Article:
When I started this Emerging Scholar series, I was having an existential crisis, questioning daily my place within the academy. I wasn’t so much questioning my place within the academy intellectually, as much as I was questioning my place in the academy in terms of whether or not my work, and by proxy I, was valued. Most scholars I encounter tell me my feelings are normal and everyone has to prove the value of their work to someone, somewhere. I do not disagree that all scholars have to prove the value of their research; however, all scholars are not Black lesbians. All scholars do not live a “colored” life. All scholars do not have to constantly prove their worth and their value (as humans) on a daily basis.
Because of the struggles I faced proving myself and my work publishable (translation: valuable) in the academy—three rejection letters and counting, I decided I wanted to write about the difficulties I had in this journey to becoming a “scholar” and how the entire process made me feel that I, as a Black woman, had to prove I mattered. Every rejection and every insistence from a colleague, mentor, or instructor to give more of myself, to do more with myself, felt as though I was being asked to do more, being pushed more. However, the rejections from journals felt racial, homophobic, and sexist. When I submit on the lack of Black lesbian images and work in Queer Studies, I hear, “YOU have to PROVE DISCIPLINARY EXIGENCY.” (Translation: Black women don’t matter.) When I submit research suggesting Black women would not favor a National Language Policy, I was told, “This is NOT RESEARCH. You just have the OPINION of BLACK WOMEN.” (Translation: Black women don’t matter.) And while I understand that some of these instances are just the wrong journal or the right journal but the wrong time, this type of dismissive rhetoric placed upon my body by other bodies from the dominant culture feels raced, and this feeling is real and it’s valid.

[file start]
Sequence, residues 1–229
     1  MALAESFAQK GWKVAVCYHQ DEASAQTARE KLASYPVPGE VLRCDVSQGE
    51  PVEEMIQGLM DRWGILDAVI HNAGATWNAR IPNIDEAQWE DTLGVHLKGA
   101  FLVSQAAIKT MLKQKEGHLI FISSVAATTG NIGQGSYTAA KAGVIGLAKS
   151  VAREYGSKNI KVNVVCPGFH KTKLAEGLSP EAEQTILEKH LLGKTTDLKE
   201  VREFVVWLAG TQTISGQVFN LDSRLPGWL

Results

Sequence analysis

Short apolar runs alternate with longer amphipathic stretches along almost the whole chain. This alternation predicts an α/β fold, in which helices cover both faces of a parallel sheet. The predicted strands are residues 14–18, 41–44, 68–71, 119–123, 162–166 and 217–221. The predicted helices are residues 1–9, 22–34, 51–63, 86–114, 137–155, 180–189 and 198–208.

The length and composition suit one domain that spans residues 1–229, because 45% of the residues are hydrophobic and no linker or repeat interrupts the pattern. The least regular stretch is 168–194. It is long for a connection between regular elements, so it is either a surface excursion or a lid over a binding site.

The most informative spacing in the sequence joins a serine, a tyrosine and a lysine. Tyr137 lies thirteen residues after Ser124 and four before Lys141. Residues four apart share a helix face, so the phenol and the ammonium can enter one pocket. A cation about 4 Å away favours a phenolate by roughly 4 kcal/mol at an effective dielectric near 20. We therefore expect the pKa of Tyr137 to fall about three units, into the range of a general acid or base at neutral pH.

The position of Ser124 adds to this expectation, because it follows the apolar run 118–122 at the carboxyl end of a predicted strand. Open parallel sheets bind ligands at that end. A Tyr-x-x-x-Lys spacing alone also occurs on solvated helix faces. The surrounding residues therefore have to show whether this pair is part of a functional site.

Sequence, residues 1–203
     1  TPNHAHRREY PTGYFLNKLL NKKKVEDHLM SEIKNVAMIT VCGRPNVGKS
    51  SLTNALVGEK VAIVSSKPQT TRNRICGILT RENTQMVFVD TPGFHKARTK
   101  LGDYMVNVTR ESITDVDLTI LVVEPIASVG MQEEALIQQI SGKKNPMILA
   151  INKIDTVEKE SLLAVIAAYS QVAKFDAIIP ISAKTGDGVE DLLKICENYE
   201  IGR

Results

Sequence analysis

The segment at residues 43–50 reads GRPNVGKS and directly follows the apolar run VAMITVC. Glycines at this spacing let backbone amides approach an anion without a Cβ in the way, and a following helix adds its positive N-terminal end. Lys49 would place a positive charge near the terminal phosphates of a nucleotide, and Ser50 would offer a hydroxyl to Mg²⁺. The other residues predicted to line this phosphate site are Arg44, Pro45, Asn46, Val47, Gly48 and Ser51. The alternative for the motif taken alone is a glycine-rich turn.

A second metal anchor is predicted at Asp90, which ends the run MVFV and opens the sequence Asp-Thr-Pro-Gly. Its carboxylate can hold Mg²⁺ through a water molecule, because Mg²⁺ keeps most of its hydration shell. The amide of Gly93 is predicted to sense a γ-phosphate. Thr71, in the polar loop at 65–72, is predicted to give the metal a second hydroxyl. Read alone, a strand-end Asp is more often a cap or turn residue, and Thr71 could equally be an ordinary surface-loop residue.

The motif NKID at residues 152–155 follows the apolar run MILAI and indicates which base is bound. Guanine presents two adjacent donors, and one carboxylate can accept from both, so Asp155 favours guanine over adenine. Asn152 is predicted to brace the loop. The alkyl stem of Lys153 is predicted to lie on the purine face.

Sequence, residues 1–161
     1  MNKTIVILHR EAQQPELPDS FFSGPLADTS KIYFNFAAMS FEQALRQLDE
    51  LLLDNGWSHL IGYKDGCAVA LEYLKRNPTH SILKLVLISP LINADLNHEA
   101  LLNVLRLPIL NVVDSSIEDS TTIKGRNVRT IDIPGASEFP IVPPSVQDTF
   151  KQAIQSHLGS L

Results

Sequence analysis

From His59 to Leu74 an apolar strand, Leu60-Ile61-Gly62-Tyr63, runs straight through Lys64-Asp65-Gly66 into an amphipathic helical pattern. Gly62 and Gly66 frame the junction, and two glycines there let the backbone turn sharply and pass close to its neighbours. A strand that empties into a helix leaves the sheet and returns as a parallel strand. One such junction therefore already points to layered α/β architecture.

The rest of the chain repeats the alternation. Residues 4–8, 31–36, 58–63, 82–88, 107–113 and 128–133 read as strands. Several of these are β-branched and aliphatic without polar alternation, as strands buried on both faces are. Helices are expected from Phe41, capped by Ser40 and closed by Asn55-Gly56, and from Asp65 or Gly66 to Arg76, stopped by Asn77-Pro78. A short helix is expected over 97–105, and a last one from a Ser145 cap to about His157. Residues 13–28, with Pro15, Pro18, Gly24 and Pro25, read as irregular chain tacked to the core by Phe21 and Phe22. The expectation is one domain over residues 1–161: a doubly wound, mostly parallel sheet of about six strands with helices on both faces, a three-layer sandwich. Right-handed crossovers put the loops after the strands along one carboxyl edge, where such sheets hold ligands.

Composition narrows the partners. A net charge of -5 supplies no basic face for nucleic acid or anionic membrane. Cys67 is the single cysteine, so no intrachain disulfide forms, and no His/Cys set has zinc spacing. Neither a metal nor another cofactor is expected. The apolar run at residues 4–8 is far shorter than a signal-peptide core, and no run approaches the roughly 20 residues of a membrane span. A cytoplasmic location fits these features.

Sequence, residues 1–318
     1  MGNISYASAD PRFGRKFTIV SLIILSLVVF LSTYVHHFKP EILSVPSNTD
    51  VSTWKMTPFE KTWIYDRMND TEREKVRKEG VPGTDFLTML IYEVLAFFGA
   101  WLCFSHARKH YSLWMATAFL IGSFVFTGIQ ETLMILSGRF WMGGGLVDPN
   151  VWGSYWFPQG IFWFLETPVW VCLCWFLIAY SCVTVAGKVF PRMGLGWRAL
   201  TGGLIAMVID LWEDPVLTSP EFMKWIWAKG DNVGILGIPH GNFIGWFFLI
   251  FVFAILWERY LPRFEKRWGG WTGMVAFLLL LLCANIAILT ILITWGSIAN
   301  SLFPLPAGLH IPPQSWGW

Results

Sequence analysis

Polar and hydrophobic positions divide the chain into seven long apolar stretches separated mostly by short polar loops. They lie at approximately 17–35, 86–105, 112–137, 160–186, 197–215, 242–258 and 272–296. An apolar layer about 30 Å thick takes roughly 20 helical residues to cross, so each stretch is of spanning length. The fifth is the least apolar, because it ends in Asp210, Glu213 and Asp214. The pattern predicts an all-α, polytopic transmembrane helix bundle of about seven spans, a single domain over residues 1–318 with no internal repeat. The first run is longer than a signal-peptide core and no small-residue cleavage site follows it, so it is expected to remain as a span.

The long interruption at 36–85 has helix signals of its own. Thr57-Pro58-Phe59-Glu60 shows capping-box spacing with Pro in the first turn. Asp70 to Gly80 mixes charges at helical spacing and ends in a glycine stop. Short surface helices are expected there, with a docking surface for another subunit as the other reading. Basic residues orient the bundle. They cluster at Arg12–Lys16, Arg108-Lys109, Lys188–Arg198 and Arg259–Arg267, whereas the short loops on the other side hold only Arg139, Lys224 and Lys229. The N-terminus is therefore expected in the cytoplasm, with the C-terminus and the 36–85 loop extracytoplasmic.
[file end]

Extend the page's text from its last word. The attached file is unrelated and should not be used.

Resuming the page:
Yes, one day I will be published. Yes, one day I will be the scholar who intellectually pushes her students and not the student who is intellectually pushed. But in this moment, I am neither of those things. In this moment, I am chasing my dream. I do not know what the stories on the other side of publishing, research, and teaching will be for me once I experience them. However, I doubt the feeling of having to constantly prove I matter will wane, if anything, and most likely, it will intensify. I wrote this series to understand where and who I am in this moment (feeling unappreciated), so I know who I can be in the next moment (a Black lesbian scholar that matters). Because Black women matter.